In spring 1955 he collapsed several times due to ill health and - on the advice of Doctor De Simone - did not lead the procession for the Corpus Christi on 9 June and on 16 July was instructed by Doctor Cataldi to rest at the Monaldi Hospital in Naples; but from 20 to 27 July he visited novices from his orders with Raffaele Castiglione.[4] A blood test taken a short time later confirmed that he was dying from leukemia and his mother Giuseppina and his sister rushed from Rome to be with him around this point; he was hospitalized on 1 August.

Russolillo died from leukemia on 2 August 1955 in Pianura at 9:10 pm after receiving the Last Rites. His remains were later reinterred on 14 April 1956 in the motherhouse of the Vocationist Fathers at Pianura. Russolillo's orders now serves in many nations: in Latin America (Brazil, Argentina, Chile, Ecuador, Colombia), in Africa (Nigeria, Madagascar, South Africa), in Europe (Italy, United Kingdom, France), North America (United States of America, Canada) and in Asia (India, Philippines, Indonesia, Vietnam) as well as in Australia[7]


The beatification process commenced on 15 December 1977 under Pope Paul VI after the Congregation for the Causes of Saints issued the official "nihil obstat" to the cause and titled the late Russolillo as a Servant of God while transferring the location of the beatification process from Pozzuoli to Naples on 7 July 1978. Cardinal Corrado Ursi oversaw the inauguration of the cognitional process on 18 January 1980 and then its conclusion on 13 May 1985; the C.C.S. validated the process in Rome on 23 January 1986 and then received the Positio dossier from the postulation in 1991.

Theologians approved the dossier on 7 February 1997 while the C.C.S. did likewise on 18 December 1997. Pope John Paul II named Russolillo as being Venerable on 18 December 1997 after he confirmed that the late priest lived a life of heroic virtue. The process for a miracle spanned from 16 March 2005 to 14 November 2005 and was validated on 9 March 2007 before receiving the approval of a medical board on 18 June 2009 and that of theologians on 12 December 2009; the C.C.S. followed suit on 1 June 2010. Pope Benedict XVI approved it on 1 July 2010 and Cardinal Angelo Amato beatified Russolillo in Naples on 7 May 2011 on the pope's behalf.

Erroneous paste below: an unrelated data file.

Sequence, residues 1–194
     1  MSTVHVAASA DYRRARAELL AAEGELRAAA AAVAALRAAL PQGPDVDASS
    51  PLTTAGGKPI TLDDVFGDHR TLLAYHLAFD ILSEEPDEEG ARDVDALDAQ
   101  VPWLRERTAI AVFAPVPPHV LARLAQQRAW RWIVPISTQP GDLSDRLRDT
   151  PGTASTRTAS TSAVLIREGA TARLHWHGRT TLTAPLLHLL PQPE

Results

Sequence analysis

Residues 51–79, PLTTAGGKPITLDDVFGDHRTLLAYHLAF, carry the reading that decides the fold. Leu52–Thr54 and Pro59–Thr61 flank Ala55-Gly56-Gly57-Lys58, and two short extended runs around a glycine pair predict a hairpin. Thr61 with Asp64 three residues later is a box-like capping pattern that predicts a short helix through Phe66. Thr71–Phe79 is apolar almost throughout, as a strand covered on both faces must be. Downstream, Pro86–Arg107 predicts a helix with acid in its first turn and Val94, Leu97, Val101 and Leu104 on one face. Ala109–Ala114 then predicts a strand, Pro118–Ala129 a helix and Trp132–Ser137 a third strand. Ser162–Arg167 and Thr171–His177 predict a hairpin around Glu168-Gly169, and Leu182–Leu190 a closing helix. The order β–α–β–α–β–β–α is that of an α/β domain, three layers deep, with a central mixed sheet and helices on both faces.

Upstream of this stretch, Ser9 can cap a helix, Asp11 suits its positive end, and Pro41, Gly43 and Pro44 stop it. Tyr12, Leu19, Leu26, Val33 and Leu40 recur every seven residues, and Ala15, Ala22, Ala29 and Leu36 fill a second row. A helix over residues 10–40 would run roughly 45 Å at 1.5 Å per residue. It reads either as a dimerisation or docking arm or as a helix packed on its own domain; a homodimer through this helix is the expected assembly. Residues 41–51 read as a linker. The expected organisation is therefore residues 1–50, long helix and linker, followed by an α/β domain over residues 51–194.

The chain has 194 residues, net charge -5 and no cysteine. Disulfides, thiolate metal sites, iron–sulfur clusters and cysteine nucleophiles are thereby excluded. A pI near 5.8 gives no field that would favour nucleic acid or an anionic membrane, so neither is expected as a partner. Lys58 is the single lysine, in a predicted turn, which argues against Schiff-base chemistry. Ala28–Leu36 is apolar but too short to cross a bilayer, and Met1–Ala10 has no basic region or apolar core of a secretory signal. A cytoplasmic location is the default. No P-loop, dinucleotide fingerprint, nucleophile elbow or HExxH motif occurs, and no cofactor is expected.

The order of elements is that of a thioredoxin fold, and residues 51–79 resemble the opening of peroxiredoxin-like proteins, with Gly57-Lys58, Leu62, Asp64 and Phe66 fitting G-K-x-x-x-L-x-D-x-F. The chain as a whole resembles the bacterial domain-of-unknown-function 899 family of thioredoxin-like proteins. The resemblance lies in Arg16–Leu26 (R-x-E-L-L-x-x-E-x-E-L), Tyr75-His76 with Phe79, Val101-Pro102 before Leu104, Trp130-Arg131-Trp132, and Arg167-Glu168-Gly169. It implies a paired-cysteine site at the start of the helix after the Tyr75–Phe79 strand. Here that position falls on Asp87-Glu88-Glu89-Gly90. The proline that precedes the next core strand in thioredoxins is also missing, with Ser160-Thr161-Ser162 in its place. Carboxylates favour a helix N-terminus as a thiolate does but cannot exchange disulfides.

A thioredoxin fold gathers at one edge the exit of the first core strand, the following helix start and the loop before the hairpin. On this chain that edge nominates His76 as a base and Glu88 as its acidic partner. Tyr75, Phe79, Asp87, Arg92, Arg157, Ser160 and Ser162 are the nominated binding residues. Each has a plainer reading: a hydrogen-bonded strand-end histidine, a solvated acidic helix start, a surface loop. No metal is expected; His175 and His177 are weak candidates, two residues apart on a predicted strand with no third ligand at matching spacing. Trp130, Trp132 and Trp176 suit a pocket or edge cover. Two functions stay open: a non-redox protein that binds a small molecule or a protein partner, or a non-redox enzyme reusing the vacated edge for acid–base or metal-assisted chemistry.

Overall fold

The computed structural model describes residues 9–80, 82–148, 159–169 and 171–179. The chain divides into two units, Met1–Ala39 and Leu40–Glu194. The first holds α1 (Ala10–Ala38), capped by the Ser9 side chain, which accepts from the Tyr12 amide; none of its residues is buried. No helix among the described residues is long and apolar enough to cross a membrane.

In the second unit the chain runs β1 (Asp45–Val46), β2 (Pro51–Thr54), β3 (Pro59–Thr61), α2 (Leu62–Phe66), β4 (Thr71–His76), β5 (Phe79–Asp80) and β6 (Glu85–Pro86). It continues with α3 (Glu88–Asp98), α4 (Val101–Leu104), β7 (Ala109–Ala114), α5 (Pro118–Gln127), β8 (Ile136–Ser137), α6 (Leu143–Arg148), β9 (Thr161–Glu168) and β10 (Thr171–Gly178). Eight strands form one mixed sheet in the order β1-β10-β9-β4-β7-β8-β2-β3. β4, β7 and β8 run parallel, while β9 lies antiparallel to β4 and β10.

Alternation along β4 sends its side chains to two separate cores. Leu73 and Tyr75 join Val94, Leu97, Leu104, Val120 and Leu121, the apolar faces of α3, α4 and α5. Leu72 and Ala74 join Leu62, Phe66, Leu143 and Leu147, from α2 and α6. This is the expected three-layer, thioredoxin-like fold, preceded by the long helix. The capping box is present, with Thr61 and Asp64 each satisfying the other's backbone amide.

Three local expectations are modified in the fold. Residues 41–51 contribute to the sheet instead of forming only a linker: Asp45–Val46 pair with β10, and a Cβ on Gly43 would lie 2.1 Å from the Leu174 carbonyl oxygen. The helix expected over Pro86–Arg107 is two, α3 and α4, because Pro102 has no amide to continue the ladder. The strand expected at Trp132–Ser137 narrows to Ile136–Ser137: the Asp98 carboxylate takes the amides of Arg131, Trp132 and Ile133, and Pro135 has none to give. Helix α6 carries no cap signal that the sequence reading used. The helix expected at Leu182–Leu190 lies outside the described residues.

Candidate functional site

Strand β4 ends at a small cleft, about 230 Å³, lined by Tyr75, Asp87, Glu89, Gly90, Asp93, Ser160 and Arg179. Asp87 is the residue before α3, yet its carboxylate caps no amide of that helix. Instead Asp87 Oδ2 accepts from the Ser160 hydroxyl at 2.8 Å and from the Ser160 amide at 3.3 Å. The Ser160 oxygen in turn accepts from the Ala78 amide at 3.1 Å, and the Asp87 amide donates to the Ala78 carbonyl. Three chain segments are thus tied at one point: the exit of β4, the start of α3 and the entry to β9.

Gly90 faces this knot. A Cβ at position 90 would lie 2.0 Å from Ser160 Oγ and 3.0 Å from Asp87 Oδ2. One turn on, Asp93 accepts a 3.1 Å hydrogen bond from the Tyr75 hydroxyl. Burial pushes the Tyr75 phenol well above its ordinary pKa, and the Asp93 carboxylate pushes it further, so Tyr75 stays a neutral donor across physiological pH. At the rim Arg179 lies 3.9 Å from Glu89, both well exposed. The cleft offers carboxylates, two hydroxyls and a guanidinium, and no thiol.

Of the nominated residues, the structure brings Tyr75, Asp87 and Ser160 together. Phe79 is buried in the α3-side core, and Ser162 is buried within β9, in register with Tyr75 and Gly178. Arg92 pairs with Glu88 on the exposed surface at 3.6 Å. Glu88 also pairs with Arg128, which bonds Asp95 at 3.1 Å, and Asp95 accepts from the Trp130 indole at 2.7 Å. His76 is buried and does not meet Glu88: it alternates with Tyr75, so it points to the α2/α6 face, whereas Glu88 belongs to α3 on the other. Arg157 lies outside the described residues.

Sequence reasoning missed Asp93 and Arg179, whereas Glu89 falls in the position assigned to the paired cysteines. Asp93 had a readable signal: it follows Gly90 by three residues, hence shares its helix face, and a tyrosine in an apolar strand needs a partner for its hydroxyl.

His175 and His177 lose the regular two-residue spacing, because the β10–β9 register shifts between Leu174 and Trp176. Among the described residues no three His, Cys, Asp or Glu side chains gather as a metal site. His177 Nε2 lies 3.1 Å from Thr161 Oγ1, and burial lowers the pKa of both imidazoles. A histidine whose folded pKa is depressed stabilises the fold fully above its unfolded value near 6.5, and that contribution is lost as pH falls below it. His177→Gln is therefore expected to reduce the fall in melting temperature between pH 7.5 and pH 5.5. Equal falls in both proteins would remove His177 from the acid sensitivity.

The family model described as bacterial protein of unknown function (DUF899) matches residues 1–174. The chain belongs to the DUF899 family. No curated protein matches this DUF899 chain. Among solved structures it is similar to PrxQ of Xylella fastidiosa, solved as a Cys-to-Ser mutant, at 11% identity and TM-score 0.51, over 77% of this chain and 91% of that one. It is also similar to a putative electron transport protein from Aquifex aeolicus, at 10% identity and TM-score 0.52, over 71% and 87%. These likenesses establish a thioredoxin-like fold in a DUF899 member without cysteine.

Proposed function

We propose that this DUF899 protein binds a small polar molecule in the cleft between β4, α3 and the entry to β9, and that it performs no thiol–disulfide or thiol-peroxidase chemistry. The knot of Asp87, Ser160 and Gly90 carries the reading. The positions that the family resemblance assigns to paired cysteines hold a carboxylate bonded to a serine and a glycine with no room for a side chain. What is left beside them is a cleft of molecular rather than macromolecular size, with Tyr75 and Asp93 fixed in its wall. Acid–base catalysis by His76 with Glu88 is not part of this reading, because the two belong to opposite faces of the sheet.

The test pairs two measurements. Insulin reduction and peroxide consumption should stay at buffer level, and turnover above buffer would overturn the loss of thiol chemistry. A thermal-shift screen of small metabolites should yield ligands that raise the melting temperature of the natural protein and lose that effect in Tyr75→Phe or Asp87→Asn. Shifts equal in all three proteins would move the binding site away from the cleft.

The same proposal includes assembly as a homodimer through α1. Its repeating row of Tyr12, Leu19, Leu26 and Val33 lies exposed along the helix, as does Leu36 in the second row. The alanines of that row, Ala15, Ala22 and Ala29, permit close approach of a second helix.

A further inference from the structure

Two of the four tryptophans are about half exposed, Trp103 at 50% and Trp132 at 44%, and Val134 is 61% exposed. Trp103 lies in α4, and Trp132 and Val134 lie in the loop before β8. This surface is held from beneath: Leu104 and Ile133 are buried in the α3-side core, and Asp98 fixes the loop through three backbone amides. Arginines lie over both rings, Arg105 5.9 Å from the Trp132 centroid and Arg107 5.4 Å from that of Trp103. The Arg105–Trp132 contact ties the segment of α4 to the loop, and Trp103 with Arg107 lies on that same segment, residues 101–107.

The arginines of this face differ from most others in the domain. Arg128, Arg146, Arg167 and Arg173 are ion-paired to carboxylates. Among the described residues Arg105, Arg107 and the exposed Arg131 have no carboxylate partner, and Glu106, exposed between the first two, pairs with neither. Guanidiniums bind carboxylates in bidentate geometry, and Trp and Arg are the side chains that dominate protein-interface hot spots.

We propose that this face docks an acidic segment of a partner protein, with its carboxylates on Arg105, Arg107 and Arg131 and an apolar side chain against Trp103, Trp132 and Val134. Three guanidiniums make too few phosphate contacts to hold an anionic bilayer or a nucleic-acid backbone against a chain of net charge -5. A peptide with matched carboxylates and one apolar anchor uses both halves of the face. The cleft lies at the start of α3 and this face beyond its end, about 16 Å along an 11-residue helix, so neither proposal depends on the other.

Pope Francis in 2020 confirmed a second miracle attributed to him (the healing of the Vocationist religious brother Emile Rasolofo in Madagascar). It was announced on 9 November 2021 that Francis would canonize Russolillo and several others on 15 May 2022.


  • The writing of Blessed Justin have been collected in 27 Vocumes of the "Opera Omnia",[8] in Italian. Many books of the Opera Omnia have been translated in English as well. Some more prominent books are:
  • Ascension
  • Spirit of Prayer
  • Let us make man part I
  • Let us make man, part II
  • For Mental Prayer
  • Consecrations
  • Costuitutions
  • Letters, I, II, III
  • Journey toward the Espousal Union
  • Longing for love
  • Among the prayer books that he wrote and are now used by his religious congregations are:
  • Offertories of the Most Precious Blood
  • Devotional


  1. ^ a b c Louis Caputo, A Servant of the Divine Vocations: Fr. Justin Russolillo (New Jersey: Vocationist Fathers) 1988
  2. ^ Caputo and Marisa Patarino, A Life for Vocations (San Mauro: Stige) 2004 ISBN 2-7468-0983-4
  3. ^ a b c "Blessed Giustino Maria Russolillo". Saints SQPN. 2 August 2016. Retrieved 25 September 2016.[permanent dead link]
  4. ^ a b c d "Blessed Giustino Maria SS. Trinità(Giustino Russolillo)". Santi e Beati. Retrieved 25 September 2016.
  5. ^ "SDV: Beatification of Don Giustino Russolillo: Preparations in progress". Archived from the original on 24 May 2011. Retrieved 18 May 2011.
  6. ^ "Promulgazione nuovi Decreti". (in Italian). Retrieved 7 November 2020.
  7. ^ "I Vocazionisti – Vocazionisti" (in Italian). Archived from the original on 20 September 2020. Retrieved 7 November 2020.
  8. ^ "Scritti di don Giustino (Opera Omnia) – Vocazionisti" (in Italian). Archived from the original on 20 September 2020. Retrieved 7 November 2020.